With his dark brown beard and fearless playing style, Luke Kunin might not look like the Wild’s youngest player. He doesn’t have the baby face of Joel Eriksson Ek, 20, or the forever young glow of Mikael Granlund, 25.

But Kunin won’t turn 20 until Dec. 4, and at the rate he’s going, he might be firmly entrenched in the NHL by then.

Seven games into the season, with injuries decimating his forwards, coach Bruce Boudreau is turning to Kunin in key spots, and the 2016 first-round draft pick hasn’t disappointed.

At Wednesday’s practice, Boudreau moved Kunin to right wing on a line with veterans Eric Staal and Tyler Ennis, as the Wild prepared for Thursday night’s home game against the New York Islanders.

“We had some jump, and we were buzzing out there,” Kunin said. “[Staal’s] one of the best players in the world, so it’s pretty cool to be able to play alongside him.”

Kunin made his first career start in Tuesday’s 1-0 loss to Vancouver. Boudreau started Matt Cullen’s line, which was supposed to feature Justin Kloos, not Kunin. But the 24-year-old Kloos was making his NHL debut.

“I thought it might be too much for [Kloos],” Boudreau said.

Apparently, it wasn’t too much for Kunin, even if it was just his fourth NHL game. The St. Louis native is shortening the typical learning curve, just as he did at Wisconsin, where he was one of the Badgers’ best players two years ago, as a 17-year-old freshman.

Kunin captained the Badgers as a sophomore last season, and captained the U.S. team that brought home gold from the world junior championships. After signing with the Wild last March, Kunin delivered a hat trick for Iowa in his third AHL game.

Even when the Wild cut Kunin from the training camp roster, Oct. 2, returning him to the AHL, the team knew he’d be right back. General Manager Chuck Fletcher didn’t want a top prospect playing limited minutes in the NHL when Kunin could play every facet — 5-on-5, penalty kill, power play — for Iowa.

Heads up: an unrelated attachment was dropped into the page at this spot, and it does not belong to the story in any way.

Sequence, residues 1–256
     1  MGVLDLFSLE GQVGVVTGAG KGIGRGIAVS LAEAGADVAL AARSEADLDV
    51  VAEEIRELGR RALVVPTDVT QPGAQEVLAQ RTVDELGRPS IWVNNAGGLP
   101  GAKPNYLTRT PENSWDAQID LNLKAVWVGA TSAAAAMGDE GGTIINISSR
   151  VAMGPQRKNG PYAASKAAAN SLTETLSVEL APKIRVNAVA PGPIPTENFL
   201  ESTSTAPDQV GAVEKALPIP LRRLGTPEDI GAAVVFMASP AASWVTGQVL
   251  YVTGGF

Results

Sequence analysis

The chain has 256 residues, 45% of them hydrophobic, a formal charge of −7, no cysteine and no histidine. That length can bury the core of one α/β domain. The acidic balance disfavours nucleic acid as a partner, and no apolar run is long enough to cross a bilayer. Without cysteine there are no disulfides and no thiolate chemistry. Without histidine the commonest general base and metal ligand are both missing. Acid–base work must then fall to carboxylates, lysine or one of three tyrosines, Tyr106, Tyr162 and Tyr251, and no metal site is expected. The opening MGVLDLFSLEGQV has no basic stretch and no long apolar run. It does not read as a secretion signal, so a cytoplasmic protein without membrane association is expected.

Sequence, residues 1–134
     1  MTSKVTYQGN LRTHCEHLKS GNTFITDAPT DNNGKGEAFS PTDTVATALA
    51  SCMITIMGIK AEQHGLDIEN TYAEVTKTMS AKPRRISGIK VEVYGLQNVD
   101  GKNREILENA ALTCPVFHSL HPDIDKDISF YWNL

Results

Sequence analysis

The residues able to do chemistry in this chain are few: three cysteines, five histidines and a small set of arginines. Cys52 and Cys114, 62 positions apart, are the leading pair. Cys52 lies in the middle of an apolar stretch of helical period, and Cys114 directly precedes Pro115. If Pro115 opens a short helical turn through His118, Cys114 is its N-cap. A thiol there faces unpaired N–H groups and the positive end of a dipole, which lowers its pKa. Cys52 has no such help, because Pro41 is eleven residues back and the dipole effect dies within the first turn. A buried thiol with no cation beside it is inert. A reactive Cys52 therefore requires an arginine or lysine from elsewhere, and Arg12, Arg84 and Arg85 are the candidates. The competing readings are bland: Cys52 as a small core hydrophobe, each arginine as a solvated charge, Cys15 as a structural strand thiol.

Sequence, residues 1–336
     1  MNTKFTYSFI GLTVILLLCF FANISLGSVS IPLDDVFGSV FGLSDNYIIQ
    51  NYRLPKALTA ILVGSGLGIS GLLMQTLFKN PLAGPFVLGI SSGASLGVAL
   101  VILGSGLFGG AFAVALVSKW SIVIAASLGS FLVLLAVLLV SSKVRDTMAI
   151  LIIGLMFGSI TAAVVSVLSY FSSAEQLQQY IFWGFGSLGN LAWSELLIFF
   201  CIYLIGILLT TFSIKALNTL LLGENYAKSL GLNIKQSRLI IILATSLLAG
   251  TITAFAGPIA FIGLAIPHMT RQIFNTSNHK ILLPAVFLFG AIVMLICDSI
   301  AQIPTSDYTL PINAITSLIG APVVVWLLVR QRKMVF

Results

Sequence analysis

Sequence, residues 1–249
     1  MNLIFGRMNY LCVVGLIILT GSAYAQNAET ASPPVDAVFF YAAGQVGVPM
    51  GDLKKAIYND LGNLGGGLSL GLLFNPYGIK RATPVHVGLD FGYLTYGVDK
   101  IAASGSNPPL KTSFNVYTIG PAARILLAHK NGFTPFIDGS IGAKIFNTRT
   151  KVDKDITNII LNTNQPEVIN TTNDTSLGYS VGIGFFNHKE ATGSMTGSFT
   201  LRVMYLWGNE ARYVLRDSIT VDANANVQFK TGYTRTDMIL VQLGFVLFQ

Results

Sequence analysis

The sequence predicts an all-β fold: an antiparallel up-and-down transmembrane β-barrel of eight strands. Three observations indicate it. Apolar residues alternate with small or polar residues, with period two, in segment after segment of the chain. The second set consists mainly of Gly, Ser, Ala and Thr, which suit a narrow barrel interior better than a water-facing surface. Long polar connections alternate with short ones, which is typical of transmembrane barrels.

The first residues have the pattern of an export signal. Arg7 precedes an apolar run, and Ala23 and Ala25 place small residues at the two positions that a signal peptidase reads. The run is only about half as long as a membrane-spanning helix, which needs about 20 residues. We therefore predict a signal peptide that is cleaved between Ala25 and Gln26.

Now the equation has changed with the Wild missing Zach Parise (back surgery), Charlie Coyle (broken leg) and Nino Niederreiter (high ankle sprain).

Through four games, Kunin has averaged 14 minutes, 13 seconds of ice time.

“You can’t get many more minutes, whether it’s in Iowa or here,” Boudreau said. “The way he’s playing, he’s only going to get more.”

Kunin has been back and forth from Iowa three times this month, but that’s because the Wild is trying to save salary cap space. He hasn’t missed a Wild game since getting promoted for the Oct. 14 home opener.

After playing Saturday in Calgary, Kunin returned to Iowa for one day before getting recalled. He actually practiced Monday with his Iowa teammates before returning for Tuesday’s game at Xcel Energy Center.

“It’s part of the process,” Kunin said. “It’s out of my control, but I’m just happy to be here whenever I’m here.”

Beyond Kunin’s regular shifts, Boudreau used the rookie on the penalty kill late in Saturday’s 4-2 win at Calgary, with the Wild still clinging to a one-goal lead.

After Tuesday’s shutout loss, Boudreau said he thought Kunin and Eriksson Ek “were our two best players.” They are also the team’s youngest players.

The 6-foot, 193-pound Kunin has managed just two assists for the Wild. He has just five shots on goal.

“You obviously want to score and get that first one,” he said. “I just want to keep playing the way I’m playing and good things are going to happen. I’ve just got to keep shooting pucks.”

The Wild saw it again in Wednesday’s practice. During a 2-on-2 drill, Kunin fed Eriksson Ek for one goal and scored himself moments later with a one-timer past Alex Stalock. The next drill was a shootout, and Kunin put the puck past Devan Dubnyk.

“[Kunin] plays with some pace,” Staal said. “He’s aggressive on the forecheck. I think he’ll be more comfortable as time goes on, making plays and creating a little bit more offense.”

It’s all happening fast. In six short weeks, Kunin won’t even be a teenager anymore.